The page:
On the Fourth of July and New Year’s Eve, we buy fireworks to celebrate the holidays. It's fun for the whole family. Some enjoy throwing small snap pops to the ground, while others enjoy lighting smaller firecrackers to set off small blasts, and everyone loves watching the colors explode in the night sky. It's amazing that I am not deathly afraid of fireworks.
When I was a boy, I was severely injured by a whistler. I lit the fuse and ran away to what was presumably a safe distance, but it wasn’t far enough. The cigar shaped package of gunpowder whizzed through the air and landed on my inner thigh. I can still make out the outline of the scar from the wound that took several weeks to heal.
As I prepared for this year’s annual Fourth of July show, I realized that the magnitude of fraud is very similar to fireworks:
- Snap! is the sound a snap pop makes when it hits the concrete. These are the fraud schemes that are detected quickly and have a very small financial impact. Companies usually have the highest level of controls focused on catching these types of fraud. It could be the risk of a cashier at your local fast food restaurant or a bank teller skimming cash from their drawer.
- Pop! is the sound a firecracker makes when the fuse burns into the tube that holds a small amount of tightly compacted powder. Fraud schemes with this magnitude can be a little more impactful to the organization. Oftentimes, companies will have controls in place, but the fraudster circumvents the internal controls to commit fraud. As an example, an employee could steal cash and cover the skimming with future receipts, usually checks, to conceal the theft. The theft amount will increase over time, making it harder and harder for the fraudster to conceal the fraud.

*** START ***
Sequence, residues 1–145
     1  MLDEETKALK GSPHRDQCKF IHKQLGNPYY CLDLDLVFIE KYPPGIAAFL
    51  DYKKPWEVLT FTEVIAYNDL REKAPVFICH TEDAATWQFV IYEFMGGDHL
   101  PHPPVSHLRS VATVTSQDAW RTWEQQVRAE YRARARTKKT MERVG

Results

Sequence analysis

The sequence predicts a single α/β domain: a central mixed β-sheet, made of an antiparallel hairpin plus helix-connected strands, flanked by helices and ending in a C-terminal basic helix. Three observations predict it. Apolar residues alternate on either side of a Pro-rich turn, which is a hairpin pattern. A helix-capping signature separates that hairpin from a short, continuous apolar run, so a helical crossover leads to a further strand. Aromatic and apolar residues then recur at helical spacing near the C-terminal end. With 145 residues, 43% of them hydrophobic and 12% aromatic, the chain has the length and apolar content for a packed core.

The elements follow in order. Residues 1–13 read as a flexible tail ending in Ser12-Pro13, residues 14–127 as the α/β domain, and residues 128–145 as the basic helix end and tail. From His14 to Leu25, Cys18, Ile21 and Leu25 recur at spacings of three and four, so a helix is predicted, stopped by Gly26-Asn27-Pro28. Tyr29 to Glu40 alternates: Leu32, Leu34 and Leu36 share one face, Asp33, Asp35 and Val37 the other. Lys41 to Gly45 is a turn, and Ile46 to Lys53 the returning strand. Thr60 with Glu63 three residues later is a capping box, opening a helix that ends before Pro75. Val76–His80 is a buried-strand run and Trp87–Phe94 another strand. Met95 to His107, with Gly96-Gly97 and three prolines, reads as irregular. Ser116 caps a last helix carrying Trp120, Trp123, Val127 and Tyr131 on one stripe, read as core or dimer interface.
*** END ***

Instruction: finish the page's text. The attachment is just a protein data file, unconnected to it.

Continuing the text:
- Boom! is the sound an artillery shell makes as it leaves the tube and flies into the air. This is by far the most spectacular firework in my arsenal because it starts with a boom as it exits the tube, flying high into the air, and exploding into a starburst of colors and sparks. However, if your company is hit by a fraud of this magnitude, then the future of the company may be questionable. With these fraud schemes, the fraudster(s) have the ability to override the controls or may even decide not to put them in place. Enron is a prime example of a “Boom!” that was heard around the world.
Most companies have significant controls to manage the frauds with a “Snap” magnitude but will get blindsided by the frauds that go “Pop” or “Boom” because they never see them coming. Are you prepared to address the firecrackers or artillery shells that could be hidden within your organization?
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